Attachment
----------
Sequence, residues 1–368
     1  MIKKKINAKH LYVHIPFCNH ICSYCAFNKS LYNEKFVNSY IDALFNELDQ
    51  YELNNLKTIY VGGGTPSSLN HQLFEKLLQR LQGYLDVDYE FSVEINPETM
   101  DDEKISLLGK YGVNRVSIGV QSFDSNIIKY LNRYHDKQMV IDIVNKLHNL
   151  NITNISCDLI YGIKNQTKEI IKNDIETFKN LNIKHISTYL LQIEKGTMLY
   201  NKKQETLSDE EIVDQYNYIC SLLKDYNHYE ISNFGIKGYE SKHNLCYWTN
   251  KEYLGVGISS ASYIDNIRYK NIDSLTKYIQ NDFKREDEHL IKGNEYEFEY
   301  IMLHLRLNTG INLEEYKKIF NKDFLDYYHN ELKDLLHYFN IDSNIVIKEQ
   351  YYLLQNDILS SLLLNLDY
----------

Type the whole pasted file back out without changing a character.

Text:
Sequence, residues 1–368
     1  MIKKKINAKH LYVHIPFCNH ICSYCAFNKS LYNEKFVNSY IDALFNELDQ
    51  YELNNLKTIY VGGGTPSSLN HQLFEKLLQR LQGYLDVDYE FSVEINPETM
   101  DDEKISLLGK YGVNRVSIGV QSFDSNIIKY LNRYHDKQMV IDIVNKLHNL
   151  NITNISCDLI YGIKNQTKEI IKNDIETFKN LNIKHISTYL LQIEKGTMLY
   201  NKKQETLSDE EIVDQYNYIC SLLKDYNHYE ISNFGIKGYE SKHNLCYWTN
   251  KEYLGVGISS ASYIDNIRYK NIDSLTKYIQ NDFKREDEHL IKGNEYEFEY
   301  IMLHLRLNTG INLEEYKKIF NKDFLDYYHN ELKDLLHYFN IDSNIVIKEQ
   351  YYLLQNDILS SLLLNLDY